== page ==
One of the key figures formulating Australia’s drone policy has predicted the country will eventually need to use machine learning AI to control our crowded airspace.
Simon Moore, an assistant secretary of aviation safety and future technology at the Department of Infrastructure, said he thinks there will one day be “hundreds of thousands” of drones in the sky.
“The numbers of things that are flying in the sky is going to increase quite dramatically,” he said.
Moore was talking to Australian Aviation as part of a drone special edition set to be published early next month. To subscribe, click here.
In September, Deputy Prime Minister Michael McCormack unveiled the government’s new masterplan to make Australia a world leader in drones and flying cars.
Moore is one of the key figures involved, and believes new technology will radically change the industry sooner than many believe.
“One of the excellent things about working in this space is that we’re not talking about science fiction here,” said Moore. “We’re not talking about hypotheticals. It’s a question of when these things start operating, not if these things start operating.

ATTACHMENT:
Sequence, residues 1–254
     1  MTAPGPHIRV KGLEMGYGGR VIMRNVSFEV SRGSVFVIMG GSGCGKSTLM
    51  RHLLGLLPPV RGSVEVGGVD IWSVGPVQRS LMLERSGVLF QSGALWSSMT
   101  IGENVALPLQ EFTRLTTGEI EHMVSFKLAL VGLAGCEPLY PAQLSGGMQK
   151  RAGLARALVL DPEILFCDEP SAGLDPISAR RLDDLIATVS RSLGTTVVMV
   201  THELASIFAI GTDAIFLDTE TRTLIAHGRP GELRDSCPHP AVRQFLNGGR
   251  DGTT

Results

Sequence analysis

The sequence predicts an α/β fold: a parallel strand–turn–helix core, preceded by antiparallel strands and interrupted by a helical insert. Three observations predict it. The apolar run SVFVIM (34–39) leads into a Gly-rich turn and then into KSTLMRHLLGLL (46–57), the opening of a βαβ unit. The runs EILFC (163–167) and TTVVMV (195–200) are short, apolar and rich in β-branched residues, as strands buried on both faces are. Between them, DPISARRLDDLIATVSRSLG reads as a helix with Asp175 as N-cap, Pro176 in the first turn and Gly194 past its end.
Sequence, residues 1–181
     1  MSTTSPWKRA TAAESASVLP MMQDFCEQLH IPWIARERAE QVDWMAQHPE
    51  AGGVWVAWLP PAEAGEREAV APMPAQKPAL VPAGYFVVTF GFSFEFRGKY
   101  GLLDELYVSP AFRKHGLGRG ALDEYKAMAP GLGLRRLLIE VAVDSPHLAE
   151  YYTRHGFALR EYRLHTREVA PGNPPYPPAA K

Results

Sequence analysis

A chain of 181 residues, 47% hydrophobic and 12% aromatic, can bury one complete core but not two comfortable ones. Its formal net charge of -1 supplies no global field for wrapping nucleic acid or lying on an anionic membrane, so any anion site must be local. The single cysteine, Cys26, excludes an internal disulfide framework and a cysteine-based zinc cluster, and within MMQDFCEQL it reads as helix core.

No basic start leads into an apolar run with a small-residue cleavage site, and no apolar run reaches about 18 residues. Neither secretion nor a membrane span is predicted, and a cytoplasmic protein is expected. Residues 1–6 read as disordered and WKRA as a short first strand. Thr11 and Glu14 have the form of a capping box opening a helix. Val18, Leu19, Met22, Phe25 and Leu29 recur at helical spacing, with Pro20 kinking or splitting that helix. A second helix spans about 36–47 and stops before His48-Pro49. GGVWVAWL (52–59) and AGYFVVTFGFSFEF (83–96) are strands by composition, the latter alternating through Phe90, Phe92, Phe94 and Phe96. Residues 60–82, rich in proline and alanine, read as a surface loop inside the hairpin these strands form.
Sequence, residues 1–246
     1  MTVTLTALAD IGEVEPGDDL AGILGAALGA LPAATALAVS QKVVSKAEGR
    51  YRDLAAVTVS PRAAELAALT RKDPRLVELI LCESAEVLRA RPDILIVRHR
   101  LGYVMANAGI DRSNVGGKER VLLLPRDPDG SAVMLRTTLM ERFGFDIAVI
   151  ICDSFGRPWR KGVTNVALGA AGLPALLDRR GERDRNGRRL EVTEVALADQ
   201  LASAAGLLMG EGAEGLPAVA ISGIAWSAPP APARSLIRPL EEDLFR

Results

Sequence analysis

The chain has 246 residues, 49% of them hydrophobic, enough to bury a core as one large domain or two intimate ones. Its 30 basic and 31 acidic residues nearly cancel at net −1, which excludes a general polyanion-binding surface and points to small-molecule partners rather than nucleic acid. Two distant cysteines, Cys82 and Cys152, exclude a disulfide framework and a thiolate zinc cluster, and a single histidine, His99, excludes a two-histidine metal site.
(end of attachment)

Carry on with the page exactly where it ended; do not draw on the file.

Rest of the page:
“To run an air space of tens of thousands or 100,000 objects, machine learning [AI] will make more sense than what we’ve currently got.
“And that’s why the discussion on unmanned traffic management is so important. Because, fundamentally, that’ll be the mechanism, which we as the industry control how these things move around and how they interact with each other and more traditional types of aircraft.”
He also talked up the advent of electric vertical take-off and landing vehicles (eVTOL), better known as flying cars or taxis.
“The first trials will be piloted and will probably look a little bit like traditional helicopters, just electrified,” said Moore. “But the economics won’t be there in the longer term – there’s going be a very quick move after that to remove the pilot, as soon as it can be safely done.
“I mean, in terms of when we’re going to start seeing trials, it’s a little bit more difficult. Whether it’s two, three, five or 10 years is anyone’s guess. But they’re the sort of time frames that we’re talking about here.”
You can read the National Emerging Aviation Technologies Policy paper here.
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